- December 8, 2016: [Monthly Lecture] Climate Change Models Using Ocean Species with Andrew Whitehead associate professor UC Davis Department of Environmental Toxicology, is a comparative genome biologist and molecular ecotoxicologist. Oceans are warming, becoming more acidic, and are being depleted of oxygen. How aquatic life reacts to these changes can help us understand more about this monumental issue. Learn how genetic differences facilitate how resilient some organisms are to environmental stress and what we can learn from it. No-host happy hour at 5:30 and public presentation at 6 p.m. at the UC Davis Tahoe Center for Environmental Sciences in Incline Village, NV. Register for this lecture here.
- December 23, 2016 - January 3, 2016: [Holiday] The Tahoe Science Center will be closed for winter break and repairs
- January 11, 2011 [special announcement]: Applications due for the 2017 Youth Science Institute program are now being accepted through 7. Contact Teagan Dolan (775-881-7560 ext. 7483) for more information.Flyer.
- February 2, 2017: [Monthly Lecture] Aggravated Divisions: Political Polarization and Policymaking after the 2016 Election with Dr. Christopher Hare from the UC Davis Department of Political Science. What has 2016 taught us about polarization in American politics? Just how divided are we, and what are the nature of those divides? Political science research indicates that a diverse set of conflicts—differences in issue attitudes, policy priorities, race and ethnicity, core values and beliefs, and culture/lifestyle—continue to overlap on one another. This has produced polarized voting patterns, partisan behaviors, and increasing distrust and dislike of those in rival ideological and partisan camps. No-host happy hour at 5:30 and public presentation at 6 p.m. at the UC Davis Tahoe Center for Environmental Sciences in Incline Village, NV.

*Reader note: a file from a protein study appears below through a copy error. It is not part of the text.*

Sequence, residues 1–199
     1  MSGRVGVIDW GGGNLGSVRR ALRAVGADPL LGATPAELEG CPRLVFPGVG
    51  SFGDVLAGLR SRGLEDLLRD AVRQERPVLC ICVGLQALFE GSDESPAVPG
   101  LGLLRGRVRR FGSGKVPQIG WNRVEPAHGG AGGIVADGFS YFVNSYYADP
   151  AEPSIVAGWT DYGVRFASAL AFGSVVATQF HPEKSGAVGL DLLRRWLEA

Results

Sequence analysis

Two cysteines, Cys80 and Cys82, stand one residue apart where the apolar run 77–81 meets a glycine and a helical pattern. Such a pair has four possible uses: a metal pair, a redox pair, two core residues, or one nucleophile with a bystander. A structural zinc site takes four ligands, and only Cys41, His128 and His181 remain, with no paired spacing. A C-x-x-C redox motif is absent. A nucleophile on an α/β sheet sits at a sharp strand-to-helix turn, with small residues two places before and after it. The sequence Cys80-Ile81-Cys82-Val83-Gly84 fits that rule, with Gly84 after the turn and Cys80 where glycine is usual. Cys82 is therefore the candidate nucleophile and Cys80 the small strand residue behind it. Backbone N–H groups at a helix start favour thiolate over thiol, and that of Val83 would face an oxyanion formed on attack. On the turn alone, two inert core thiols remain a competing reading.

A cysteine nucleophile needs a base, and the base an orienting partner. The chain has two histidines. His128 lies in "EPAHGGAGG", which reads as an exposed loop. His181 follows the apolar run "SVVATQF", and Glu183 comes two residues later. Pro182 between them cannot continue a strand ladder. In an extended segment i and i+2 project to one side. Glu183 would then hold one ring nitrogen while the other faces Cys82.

- February 9, 2017: [Monthly Lecture] Climate change and lake temperature in the Sierra Nevada: There's no business like snow business, with Dr. Steve Sadro from the Department of Environmental Science and Policy at UC Davis. Water temperature regulates a broad range of fundamental ecosystem processes in lakes. While climate can be an important factor controlling lake temperatures, in many lakes, water temperatures are responding differently than air temperatures. Through multiple decades of climate and water temperature data from a high-elevation catchment in the southern Sierra Nevada we are able to illustrate the magnitude of warming taking place and demonstrate the role of winter snow-pack in regulating lake temperatures. No-host happy hour at 5:30 and public presentation at 6 p.m. at the UC Davis Tahoe Center for Environmental Sciences in Incline Village, NV.
- April 6, 2017: [Monthly Lecture] Recovering the Endangered Mountain Yellow-legged Frog in the Sierra Nevada, with Dr. Roland Knapp, Sierra Nevada Aquatic Research Laboratory University of California, Santa Barbara. Imagine a world with no frogs. No longer would you hear frog melodies in the evening, algae would flourish, and entire ecosystems could change dramatically. This is a possibility in the Sierra Nevada because 90 percent of the Mountain yellow-legged frogs have been disappearing due to an amphibian pathogen and loss of habitat from fish introductions in our lakes. An ambitious and promising effort is underway to recover these frogs, and this approach may be applied to conserving other threatened amphibians globally. No-host happy hour at 5:30 and public presentation at 6 p.m. at the UC Davis Tahoe Center for Environmental Sciences in Incline Village, NV.
Note: All events are held at the Tahoe Center for Environmental Sciences building in Incline Village unless otherwise indicated.
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